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Mohawks O'odham Border Solidarity

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Mike Flores, O'odham, and Mark Maracle, Mohawk
Photo Brenda Norrell

Mohawks in solidarity with Tohono O’odham at border summit


By Brenda Norrell


SAN XAVIER DISTRICT, TOHONO O’ODHAM NATION, Ariz. -- Indigenous at the Border Summit of the Americas opposed a border fence that will separate Indian communities in their ancestral territories and contribute to the Bush administration’s plan for corporate profiteering.

   Without compromise, Indigenous called for a halt to the militarization, oppression and psychological terrorism created by the military industrial complex along the US/Mexico border.

   Mohawks from the northern border united with Tohono O’odham from the southern border and demanded a halt to the militarization of their lands by the US Border Patrol, National Guard and federal agents.

   Mohawk Mark Maracle, representing the Women Title Holders, said Mohawks from the north are ready to support the Tohono O’odham in the south “by any means necessary.”

   “We are directed under our law to go to the aid of others and not just sit back and watch the devastation,” Maracle said, adding that the proposed border fence would upset the natural order.

   “If this fence goes up, this nation will see natural disasters like it has not seen before. It will disrupt nature and the natural order.”

   The Border Summit of the Americas opposed the border fence and the US Senate’s passage of the multi-billion dollar Secure Fence Act of 2006, during the Border Summit Aug. 29 – Oct. 1.

   Calling it another “Berlin Wall,” International Indian Treaty Council member Bill Means said Indian people would not allow the United States to violate federal laws protecting American Indians, sacred sites and the environment. Those include the Native American Grave Protection and Repatriation Act and American Indian Religious Freedom Act.

   If the US attempts to continue with its policy of ignoring federal law to build the fence, Means said the government of Mexico will be called on to demand that the US follow its own laws and issue an environmental impact statement before building the fence.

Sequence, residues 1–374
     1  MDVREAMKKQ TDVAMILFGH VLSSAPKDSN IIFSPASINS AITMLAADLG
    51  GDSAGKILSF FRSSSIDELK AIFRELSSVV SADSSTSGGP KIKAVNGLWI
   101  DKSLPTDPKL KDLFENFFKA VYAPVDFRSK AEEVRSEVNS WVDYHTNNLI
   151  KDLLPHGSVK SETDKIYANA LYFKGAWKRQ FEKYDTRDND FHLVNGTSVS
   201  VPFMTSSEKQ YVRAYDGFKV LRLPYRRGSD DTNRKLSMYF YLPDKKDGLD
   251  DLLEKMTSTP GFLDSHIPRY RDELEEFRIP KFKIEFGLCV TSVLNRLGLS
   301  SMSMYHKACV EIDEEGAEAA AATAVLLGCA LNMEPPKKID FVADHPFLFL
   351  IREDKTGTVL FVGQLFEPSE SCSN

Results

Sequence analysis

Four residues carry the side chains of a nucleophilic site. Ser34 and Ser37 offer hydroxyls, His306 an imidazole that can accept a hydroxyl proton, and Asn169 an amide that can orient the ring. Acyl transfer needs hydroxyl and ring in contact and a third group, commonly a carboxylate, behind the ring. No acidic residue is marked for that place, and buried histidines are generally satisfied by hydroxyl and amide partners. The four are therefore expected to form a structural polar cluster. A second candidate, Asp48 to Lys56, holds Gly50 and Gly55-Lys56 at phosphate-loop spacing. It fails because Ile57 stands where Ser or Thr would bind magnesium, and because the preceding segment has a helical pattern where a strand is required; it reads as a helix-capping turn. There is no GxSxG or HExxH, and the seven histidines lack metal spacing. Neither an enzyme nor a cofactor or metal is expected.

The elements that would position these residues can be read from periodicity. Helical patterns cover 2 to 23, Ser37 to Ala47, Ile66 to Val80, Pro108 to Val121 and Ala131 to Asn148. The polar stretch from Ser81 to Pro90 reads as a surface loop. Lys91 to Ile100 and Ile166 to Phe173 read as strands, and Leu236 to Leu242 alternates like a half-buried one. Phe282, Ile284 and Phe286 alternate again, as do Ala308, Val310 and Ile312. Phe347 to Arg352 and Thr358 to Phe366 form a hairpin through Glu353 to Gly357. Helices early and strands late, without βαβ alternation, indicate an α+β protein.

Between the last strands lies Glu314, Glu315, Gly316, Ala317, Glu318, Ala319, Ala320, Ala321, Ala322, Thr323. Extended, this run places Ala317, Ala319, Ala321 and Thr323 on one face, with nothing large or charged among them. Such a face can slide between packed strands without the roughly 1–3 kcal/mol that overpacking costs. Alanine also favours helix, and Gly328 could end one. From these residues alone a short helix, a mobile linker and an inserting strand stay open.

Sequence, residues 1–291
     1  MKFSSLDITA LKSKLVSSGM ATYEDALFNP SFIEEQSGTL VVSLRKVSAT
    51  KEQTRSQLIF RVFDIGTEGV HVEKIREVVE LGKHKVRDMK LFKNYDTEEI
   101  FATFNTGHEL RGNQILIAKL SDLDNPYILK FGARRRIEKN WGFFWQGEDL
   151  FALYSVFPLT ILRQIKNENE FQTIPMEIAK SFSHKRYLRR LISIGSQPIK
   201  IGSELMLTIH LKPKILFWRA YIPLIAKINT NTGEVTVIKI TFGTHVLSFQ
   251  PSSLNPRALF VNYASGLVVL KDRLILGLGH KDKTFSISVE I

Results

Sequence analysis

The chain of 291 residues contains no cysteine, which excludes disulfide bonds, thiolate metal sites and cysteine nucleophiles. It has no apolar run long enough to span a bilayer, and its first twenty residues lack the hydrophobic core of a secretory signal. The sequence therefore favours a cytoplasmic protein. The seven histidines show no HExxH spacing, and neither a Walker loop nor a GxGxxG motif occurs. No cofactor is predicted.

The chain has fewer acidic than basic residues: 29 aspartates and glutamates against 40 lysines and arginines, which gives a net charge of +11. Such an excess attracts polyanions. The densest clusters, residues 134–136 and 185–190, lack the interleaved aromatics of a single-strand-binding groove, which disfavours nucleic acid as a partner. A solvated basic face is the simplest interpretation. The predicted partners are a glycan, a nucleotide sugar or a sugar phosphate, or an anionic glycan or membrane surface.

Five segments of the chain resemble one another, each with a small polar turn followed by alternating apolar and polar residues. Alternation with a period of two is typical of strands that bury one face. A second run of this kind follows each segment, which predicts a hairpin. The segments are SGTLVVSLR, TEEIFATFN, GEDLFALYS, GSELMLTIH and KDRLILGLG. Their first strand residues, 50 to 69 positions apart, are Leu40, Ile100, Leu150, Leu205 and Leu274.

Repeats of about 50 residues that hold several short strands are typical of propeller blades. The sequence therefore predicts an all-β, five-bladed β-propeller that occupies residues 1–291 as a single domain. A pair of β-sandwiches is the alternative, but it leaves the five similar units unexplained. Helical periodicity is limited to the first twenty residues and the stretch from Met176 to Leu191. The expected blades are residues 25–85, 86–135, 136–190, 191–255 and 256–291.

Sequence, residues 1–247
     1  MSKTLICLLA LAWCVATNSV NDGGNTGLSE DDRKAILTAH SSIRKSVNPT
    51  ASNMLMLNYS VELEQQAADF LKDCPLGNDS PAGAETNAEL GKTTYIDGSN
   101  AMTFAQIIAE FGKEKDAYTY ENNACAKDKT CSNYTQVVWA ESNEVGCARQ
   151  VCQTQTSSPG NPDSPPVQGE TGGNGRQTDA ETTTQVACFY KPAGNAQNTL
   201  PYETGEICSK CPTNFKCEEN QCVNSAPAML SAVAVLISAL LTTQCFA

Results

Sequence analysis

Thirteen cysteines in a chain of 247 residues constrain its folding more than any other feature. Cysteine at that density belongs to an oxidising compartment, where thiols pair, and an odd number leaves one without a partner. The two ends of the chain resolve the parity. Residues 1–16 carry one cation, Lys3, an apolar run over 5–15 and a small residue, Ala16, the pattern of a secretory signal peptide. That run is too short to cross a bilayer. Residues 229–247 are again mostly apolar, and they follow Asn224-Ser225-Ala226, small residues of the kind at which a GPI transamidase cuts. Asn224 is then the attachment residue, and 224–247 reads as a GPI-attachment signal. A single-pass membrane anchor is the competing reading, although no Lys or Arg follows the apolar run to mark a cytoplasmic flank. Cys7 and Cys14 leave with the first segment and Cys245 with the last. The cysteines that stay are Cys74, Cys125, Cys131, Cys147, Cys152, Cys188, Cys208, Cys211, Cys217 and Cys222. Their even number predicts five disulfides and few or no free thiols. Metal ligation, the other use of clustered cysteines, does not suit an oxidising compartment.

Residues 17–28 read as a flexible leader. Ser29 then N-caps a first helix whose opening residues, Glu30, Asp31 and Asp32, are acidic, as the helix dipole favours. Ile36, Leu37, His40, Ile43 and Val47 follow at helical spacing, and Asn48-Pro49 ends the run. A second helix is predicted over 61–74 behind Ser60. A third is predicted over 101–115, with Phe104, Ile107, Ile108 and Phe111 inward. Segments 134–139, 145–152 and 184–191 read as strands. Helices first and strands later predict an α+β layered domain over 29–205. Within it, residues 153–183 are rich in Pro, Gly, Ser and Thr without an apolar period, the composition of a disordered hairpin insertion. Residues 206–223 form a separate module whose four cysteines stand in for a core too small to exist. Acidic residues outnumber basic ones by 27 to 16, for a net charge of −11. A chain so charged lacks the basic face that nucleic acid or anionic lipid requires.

Means said Indian people would not sit by and allow the US to carry out the mandate of the US to disregard laws to violate Indian lands.

   (Homeland Security waived environmental and other laws in 2005 to complete the border fence in Southern California. Kumeyaay said it would allow the US to “plow though” the burial places of their ancestors.)

   The summit was organized by Tohono O’odham Mike Flores and facilitated by the International Indian Treaty Council members, including Bill Means, Tony Gonzales and Jimbo Simmons. Security and support was provided by the American Indian Movement.

   During the summit, Angelita Ramon, mother of Bennett Patricio, Jr., 18-year-old Tohono O’odham, described how her son was ran over and killed by the Border Patrol. Ramon described the harassment that followed when they began to investigate the details of his death and whether it was an accident. The family has filed suit against the Border Patrol and United States. Ramon said the case was transferred to the Ninth Circuit Court of Appeals in San Francisco, since justice was impossible in the high court in Tucson, Arizona.

   Mike Wilson, Tohono O’odham who puts out water for migrants on tribal lands, challenged the Tohono O’odham Nation to become morally responsible and not continue to allow migrants to die in the desert from dehydration. On tribal land, Baboquivari District has one of the highest rates of deaths for migrants.

   “No one should be allowed to die for want of a drink of water,” Wilson said, pointing out that his individual effort comes after humanitarian groups were halted by the tribe from coming on tribal land to render aid.